The coronavirus pandemic has impacted the lives of millions around the world, but for seafarers, COVID-19 related travel restrictions have had damaging effects on their livelihoods and wellbeing.

With crew changes unable to take place, hundreds of thousands of seafarers have been stranded on ships, many working beyond the length of their contract.

To raise awareness of the crisis, more than 700 organisations and companies including the National Maritime Museum have signed the Neptune Declaration on Seafarer Wellbeing and Crew Change, which calls on government bodies to take urgent action to safeguard the rights and welfare of seafarers.

What is the Neptune Declaration?

The Neptune Declaration on Seafarer Wellbeing and Crew Change aims to promote and protect the welfare of seafarers. It was launched in response to the crew change crisis, which has resulted in around 400,000 seafarers stranded on ships because of coronavirus-related travel bans.

Why are seafarers stranded?

Seafarers are unable to disembark and carry out crew changes due to restrictions imposed by national authorities designed to prevent the spread of COVID-19.

Air travel disruptions and concerns over health protocols have also compounded the crisis. As a result, seafarers have been trapped at sea for extended periods, even after their period of work should have ended.

What are the risks to seafarers of being stranded at sea?

Being stuck at sea poses significant threats to seafarers’ physical and mental wellbeing.

Typically, seafarers are contracted to work between four and six months on ships, followed by a period of leave. Their work is often physically and mentally demanding, with 10-12 hour shifts seven days a week not uncommon.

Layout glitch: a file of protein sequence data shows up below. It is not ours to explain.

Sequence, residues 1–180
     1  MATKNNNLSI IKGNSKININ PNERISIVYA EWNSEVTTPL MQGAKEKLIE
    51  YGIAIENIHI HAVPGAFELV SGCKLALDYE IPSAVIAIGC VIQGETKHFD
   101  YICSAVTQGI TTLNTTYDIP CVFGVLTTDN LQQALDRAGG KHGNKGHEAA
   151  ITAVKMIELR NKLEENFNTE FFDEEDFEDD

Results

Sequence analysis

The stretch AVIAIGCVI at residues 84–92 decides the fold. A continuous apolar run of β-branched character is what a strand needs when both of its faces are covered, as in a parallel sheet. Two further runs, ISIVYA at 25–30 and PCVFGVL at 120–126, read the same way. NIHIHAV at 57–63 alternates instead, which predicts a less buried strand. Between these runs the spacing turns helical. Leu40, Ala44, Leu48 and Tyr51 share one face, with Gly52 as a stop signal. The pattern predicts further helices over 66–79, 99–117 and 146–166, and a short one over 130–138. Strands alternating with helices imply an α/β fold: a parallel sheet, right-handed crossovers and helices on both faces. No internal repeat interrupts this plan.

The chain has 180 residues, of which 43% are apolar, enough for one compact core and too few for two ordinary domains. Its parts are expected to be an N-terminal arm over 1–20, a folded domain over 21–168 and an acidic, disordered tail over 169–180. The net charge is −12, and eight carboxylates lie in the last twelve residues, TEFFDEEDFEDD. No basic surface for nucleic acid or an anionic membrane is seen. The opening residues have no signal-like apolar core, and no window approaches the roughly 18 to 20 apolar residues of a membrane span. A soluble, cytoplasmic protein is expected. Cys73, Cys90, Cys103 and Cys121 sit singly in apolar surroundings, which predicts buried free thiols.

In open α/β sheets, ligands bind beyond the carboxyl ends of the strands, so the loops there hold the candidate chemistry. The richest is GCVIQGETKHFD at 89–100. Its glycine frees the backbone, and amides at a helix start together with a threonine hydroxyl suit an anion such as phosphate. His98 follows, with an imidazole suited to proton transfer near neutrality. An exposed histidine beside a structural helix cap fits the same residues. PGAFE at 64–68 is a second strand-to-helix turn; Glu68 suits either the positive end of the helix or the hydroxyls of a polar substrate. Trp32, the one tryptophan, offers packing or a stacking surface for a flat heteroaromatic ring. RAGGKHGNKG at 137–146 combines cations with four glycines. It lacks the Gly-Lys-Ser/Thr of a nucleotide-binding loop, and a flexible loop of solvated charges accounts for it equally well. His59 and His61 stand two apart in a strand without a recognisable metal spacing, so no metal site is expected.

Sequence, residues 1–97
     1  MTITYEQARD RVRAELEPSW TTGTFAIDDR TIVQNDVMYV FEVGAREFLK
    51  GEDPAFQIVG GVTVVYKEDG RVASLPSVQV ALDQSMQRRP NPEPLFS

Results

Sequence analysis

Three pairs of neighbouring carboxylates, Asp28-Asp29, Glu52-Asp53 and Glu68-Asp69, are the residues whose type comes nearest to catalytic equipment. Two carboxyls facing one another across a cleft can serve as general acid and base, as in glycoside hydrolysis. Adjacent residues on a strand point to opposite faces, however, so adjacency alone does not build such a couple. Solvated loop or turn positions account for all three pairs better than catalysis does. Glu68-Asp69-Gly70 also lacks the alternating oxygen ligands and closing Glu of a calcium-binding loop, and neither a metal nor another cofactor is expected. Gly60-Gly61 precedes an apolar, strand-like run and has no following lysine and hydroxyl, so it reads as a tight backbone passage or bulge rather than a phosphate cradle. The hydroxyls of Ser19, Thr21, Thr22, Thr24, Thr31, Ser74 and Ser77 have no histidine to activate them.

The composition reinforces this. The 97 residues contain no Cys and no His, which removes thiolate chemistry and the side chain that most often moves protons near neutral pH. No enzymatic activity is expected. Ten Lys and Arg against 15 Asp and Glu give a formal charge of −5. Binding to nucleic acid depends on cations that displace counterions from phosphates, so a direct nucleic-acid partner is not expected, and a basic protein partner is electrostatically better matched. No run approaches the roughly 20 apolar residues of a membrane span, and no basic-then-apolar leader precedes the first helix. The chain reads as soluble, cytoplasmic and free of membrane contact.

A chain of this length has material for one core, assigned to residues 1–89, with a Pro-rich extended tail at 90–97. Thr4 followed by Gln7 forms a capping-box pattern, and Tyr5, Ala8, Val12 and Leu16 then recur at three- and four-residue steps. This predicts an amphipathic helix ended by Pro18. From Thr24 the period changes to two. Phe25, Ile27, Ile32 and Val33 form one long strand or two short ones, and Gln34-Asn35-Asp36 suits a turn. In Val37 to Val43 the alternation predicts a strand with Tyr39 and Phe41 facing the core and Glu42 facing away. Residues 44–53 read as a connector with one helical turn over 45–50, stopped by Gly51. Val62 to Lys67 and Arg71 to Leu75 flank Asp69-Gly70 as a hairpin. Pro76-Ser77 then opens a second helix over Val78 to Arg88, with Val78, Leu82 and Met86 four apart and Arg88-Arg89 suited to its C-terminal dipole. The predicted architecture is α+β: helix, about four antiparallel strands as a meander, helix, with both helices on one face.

Working at sea beyond their contracted hours can result in fatigue, which increases the risk of accidents on board, maritime incidents and environmental disasters.

How will the crew change crisis affect trade and supply chains?

An estimated 90 per cent of global trade is transported by ship, including food and medical supplies we all rely on. If leaders do not come together to resolve the crisis it could impact global supply chains and international trade, which depend on safe and reliable maritime transport.

How is the Neptune Declaration working to address the crisis?

The Neptune Declaration on Seafarer Wellbeing and Crew Change has mapped out four key steps to resolve the crisis.

These include:

  • calling for seafarers to be recognised as keyworkers and given priority access to coronavirus vaccines;
  • implementing health protocols for safe crew changes;
  • increasing collaboration between ship operators and charterers to minimise the risk of COVID-19 spread on vessels;
  • ensuring that air transport continues to operate between major maritime hubs.

How many companies and organisations have signed the Neptune Declaration?

More than 700 companies and organisations have signed the Neptune Declaration as of March 2021, including shipping company A.P. Moller-Maersk, the International Transport Workers’ Federation, the International Chamber of Shipping and the Global Maritime Forum.

For more information about the Neptune Declaration, visit

Main image: Cargo operations during pandemic © Cezar Gabriel, part of Exposure: Lives at Sea at the National Maritime Museum